Wednesday, March 15, 2017

Are Unions Evil? Pretty Much!

Unions would like to sell you a narrative that is essentially false.

A reader writes saying I am unduly negative about unions.  We are not negative or positive here at Living Stingy, just realistic.  And after working in a number of union plants, both as a non-union "salary" person and as a union "hourly" one, I can say with authority that unions basically suck, and even the hourly workers they supposedly benefit know this - which is why a lot of hourly employees vote Republican and voted for Trump.   They know firsthand how a union can destroy a business and kill everyone's job - even if they get small pay increases in the interim.

Which is better, making a few bucks more an hour for a few years, or having a job that you can hand down to your children and grandchildren?   People living in rust-belt ghost-towns in the Northeast can tell you the answer to that question.  Unions have destroyed entire cities and even States in America.

The narrative the union sells is this:  In the bad old days, greedy corporations and factory owners forced laborers to go to work for starvation wages, so that they could never get ahead in life.  Working conditions were unsafe and if anyone complained or was injured, they were fired and starved to death.   The unions came along and forced companies to pay fair wages to workers and improve working conditions.  Without unions, we would not have high pay and the 40-hour workweek!

Nice fantasy, but a large part of it is wrong, dead wrong.   The unions still are selling the "We created the 40-hour workweek" saga, but it is basically false.   Henry Ford created the 40-hour workweek and also more than doubled pay in his industry, all without the prompting of any union.

Before we analyze why Henry Ford - a notorious skinflint - would do this, you have to ask yourself why so many other professions and jobs are not unionized.   For example, as a Lawyer, I am not part of any union that set wages and working conditions.   And yes, wages are low in our profession today - pathetically so.  And many "sweatshop" law firms ask young associates to work 60-80 hours a week or more - 10-12 hours a day, seven days a week, or you're fired.   Seems like an industry ripe for unionization, eh?

The professions are largely un-unionized simply because, traditionally, the demand for labor exceeded supply.   In the salary world and professional world, you are hiring talent and not mere labor.  The pool of talent is very shallow, the pool of labor is fathomless.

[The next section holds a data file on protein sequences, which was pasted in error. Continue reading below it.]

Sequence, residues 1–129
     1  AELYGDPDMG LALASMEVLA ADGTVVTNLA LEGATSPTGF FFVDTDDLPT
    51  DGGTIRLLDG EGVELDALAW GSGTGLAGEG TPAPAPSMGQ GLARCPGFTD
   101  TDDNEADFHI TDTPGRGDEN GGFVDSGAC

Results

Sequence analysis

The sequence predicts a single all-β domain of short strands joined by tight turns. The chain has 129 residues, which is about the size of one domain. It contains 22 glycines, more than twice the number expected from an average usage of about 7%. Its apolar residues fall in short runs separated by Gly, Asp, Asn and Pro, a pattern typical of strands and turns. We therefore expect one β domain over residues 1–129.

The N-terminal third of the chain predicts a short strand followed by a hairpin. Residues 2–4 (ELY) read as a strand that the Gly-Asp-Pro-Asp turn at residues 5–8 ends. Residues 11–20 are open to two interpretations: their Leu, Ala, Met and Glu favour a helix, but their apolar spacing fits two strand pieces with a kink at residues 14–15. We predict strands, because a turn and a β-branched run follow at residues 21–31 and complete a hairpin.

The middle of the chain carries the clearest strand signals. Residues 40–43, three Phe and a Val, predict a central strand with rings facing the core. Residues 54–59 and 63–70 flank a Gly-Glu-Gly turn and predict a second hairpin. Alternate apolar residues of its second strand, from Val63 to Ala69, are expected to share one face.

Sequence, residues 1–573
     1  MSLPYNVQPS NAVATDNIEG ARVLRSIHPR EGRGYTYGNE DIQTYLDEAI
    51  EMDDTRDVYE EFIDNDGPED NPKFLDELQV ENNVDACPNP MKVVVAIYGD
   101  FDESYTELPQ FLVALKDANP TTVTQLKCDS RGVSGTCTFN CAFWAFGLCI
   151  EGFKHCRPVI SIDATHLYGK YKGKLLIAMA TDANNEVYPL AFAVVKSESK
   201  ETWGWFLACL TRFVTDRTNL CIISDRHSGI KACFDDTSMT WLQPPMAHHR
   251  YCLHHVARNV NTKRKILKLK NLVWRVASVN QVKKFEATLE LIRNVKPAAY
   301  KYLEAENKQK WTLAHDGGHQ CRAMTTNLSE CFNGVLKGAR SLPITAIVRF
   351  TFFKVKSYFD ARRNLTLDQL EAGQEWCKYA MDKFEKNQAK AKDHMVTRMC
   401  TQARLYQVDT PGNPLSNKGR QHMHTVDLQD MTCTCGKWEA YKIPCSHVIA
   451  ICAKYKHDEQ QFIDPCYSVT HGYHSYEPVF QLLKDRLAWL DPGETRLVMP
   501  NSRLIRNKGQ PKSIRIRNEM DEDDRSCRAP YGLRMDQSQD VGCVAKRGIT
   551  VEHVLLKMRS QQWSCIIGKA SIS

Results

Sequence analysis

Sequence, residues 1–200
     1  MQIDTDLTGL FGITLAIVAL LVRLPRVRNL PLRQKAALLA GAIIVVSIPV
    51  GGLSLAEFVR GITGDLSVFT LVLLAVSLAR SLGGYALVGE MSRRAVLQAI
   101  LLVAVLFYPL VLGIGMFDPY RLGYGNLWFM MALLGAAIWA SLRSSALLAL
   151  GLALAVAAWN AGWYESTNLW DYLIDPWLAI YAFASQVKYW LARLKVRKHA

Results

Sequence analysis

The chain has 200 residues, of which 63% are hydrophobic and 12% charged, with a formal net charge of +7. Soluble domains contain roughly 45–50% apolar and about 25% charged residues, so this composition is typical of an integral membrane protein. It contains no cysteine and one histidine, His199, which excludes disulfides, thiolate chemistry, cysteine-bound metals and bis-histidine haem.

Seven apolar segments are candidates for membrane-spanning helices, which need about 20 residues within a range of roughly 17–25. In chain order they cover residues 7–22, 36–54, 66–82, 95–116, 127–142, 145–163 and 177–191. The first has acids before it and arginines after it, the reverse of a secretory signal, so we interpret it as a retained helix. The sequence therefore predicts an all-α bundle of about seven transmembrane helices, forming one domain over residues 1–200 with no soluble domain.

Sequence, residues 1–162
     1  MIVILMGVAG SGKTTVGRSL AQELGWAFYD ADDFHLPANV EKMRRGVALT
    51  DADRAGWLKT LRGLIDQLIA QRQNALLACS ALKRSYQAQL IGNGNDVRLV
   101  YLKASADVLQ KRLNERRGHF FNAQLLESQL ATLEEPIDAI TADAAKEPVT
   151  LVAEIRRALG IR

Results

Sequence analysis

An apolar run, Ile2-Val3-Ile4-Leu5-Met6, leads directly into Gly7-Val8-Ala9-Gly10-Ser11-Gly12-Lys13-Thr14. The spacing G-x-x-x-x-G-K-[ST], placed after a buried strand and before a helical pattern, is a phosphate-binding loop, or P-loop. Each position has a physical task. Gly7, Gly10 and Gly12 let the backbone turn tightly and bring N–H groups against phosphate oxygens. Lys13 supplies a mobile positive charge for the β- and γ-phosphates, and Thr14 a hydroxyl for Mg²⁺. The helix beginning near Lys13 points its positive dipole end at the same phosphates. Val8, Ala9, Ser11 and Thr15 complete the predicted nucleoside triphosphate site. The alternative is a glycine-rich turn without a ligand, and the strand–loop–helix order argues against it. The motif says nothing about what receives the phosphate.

The second reason why many jobs are not unionized is that they are not easily blackmailed by unions into giving concessions such as allowing unionization, standardizing wages, and implementing work rules.   A large factory is often mortgaged to the hilt by bankers.   The company has to keep cranking out cars, steel, chemicals, or whatnot, just to make payments on the debts and to stay competitive with other companies.

A strike of any length at all would result in the company going bankrupt, which in turn forces them to the bargaining table.   Management makes concessions or has to go out of business.   And often these concessions end up being slow death for a company as they are now no longer competitive and cannot invest in new technologies and capital improvements.  It may take decades, but eventually the plant closes, and all those promises at the bargaining table - pension benefits, for example - are for naught.

People who have no job skills, who can be replaced at moment's notice, have no leverage to use to maintain their jobs.  Real talent, on the other hand, has options.

And one might assume that raw labor has no options as a result.  One would assume wrongly, however.

Early on in the history of the Ford company, Henry Ford realized that a big cost to his company was labor turnover.  Working on the assembly line didn't necessarily require special skills.  However, it did cost money to train new people how to do a particular job.   But the hours were so long and the pay so low, that many worker up and quit at a moment's notice, as they could make more money with less hours elsewhere.

The problem became so acute that Ford did something that really pissed-off his competitors.  He more than doubled pay to $5 a day and cut hours to 40 hours per work-week.   He wanted a happy, contented, and trained workforce, without a lot of turnover.  People who were overworked and underpaid, quit.  With higher pay and shorter hours, Ford had one of the most loyal workforces in the industry.

And all of that, without unions.

The union succeeded not because they were an idea whose time had come, but because they used strong-arm tactics, muscle, and organized crime connections to force workers to join, and to force management to negotiate.   And often management was being sold a product - labor peace - for a price.  The unions then told the workers that the only reason they had the pay and benefits they had was due to their efforts.   And a lot of people believed this.   

But a lot of other workers were beat up, forced out, or even murdered by union goons, if they refused to go along with the union's machinations.   As I noted in my earlier posting, I was threatened with bodily harm if I did not "fink" on some union reformers (who thankfully have since reformed the union somewhat).   Fortunately, I did not know the names to give them, and fortunately the "shop steward" and his lackeys, Vinny and Knuckles, believed me.